It is not every judge that discerns inharmonious verses, and an undeserved indulgence is [in this case] granted to the Roman poets. But shall I on this account run riot and write licentiously? Or should not I rather suppose, that all the world are to see my faults; secure, and cautious [never to err] but with hope of being pardoned? Though, perhaps, I have merited no praise, I have escaped censure.

Ye [who are desirous to excel,] turn over the Grecian models by night, turn them by day. But our ancestors commended both the numbers of Plautus, and his strokes of pleasantry; too tamely, I will not say foolishly, admiring each of them; if you and I but know how to distinguish a coarse joke from a smart repartee, and understand the proper cadence, by [using] our fingers and ears.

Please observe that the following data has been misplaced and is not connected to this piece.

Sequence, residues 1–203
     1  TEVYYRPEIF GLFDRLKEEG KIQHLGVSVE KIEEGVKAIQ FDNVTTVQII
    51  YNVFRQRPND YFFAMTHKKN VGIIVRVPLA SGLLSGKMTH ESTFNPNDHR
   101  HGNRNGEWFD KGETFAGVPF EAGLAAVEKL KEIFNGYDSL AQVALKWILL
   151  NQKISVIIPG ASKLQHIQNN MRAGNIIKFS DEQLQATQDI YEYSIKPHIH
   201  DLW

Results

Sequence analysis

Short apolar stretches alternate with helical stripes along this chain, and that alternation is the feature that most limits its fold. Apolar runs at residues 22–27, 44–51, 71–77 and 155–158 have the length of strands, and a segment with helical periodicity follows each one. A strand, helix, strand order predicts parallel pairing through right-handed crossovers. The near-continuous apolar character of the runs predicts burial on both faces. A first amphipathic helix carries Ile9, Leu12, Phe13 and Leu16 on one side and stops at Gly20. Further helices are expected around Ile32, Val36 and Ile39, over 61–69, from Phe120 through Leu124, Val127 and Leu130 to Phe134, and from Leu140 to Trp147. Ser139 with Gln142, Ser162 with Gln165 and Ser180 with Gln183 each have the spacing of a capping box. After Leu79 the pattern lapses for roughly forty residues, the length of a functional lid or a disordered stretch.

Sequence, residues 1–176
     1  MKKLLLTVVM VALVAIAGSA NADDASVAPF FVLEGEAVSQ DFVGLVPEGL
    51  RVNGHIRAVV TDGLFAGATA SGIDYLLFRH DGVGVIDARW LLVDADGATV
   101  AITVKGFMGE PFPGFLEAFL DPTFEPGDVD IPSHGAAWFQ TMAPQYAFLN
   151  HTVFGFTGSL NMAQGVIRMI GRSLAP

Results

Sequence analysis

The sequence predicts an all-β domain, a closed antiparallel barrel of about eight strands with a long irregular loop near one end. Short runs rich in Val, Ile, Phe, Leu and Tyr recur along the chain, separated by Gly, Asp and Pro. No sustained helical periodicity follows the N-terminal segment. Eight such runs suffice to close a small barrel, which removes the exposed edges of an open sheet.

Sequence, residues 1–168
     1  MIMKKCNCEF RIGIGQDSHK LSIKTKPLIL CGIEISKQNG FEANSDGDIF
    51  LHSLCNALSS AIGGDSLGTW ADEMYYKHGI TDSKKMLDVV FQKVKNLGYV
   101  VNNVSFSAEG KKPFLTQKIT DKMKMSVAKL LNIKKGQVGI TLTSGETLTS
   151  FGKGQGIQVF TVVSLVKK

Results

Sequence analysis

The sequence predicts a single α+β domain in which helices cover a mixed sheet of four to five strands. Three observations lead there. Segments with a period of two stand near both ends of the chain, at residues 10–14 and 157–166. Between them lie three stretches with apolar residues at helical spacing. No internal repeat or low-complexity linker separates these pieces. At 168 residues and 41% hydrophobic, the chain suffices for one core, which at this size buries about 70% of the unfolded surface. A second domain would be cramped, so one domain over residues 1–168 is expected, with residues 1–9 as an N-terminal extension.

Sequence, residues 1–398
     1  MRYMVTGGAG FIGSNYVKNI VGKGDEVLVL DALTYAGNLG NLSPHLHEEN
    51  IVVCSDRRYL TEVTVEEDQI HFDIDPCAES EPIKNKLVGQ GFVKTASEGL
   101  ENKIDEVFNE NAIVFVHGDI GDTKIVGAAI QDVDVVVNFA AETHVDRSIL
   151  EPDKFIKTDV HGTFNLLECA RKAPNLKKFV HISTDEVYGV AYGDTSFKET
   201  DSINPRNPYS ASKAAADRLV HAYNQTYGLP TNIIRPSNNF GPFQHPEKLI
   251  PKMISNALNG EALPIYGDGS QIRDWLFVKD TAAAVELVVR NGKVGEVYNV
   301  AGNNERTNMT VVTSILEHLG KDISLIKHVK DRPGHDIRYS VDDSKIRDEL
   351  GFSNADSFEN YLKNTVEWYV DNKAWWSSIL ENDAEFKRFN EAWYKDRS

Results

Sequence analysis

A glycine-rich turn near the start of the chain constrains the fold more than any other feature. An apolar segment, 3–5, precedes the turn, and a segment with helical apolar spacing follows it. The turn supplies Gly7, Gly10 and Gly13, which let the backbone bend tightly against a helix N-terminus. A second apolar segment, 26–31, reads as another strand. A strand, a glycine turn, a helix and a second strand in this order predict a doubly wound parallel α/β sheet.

Originally Published: October 13, 2009
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Biography

Horace wrote poetry ranging from iambi (epodes) and sermones (satires and epistles) to carmina (lyrics). These poems paint a detailed self-portrait—laughing poet of moderation; ironic and gentle moralist; enigmatic observer of the Augustan principate; and self-deprecating lover of the Italian countryside, good wine, his friends, and, most of all, his art. By offering a poetic persona who speaks to so many human concerns, Horace . . .

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Originally appeared in Poetry magazine.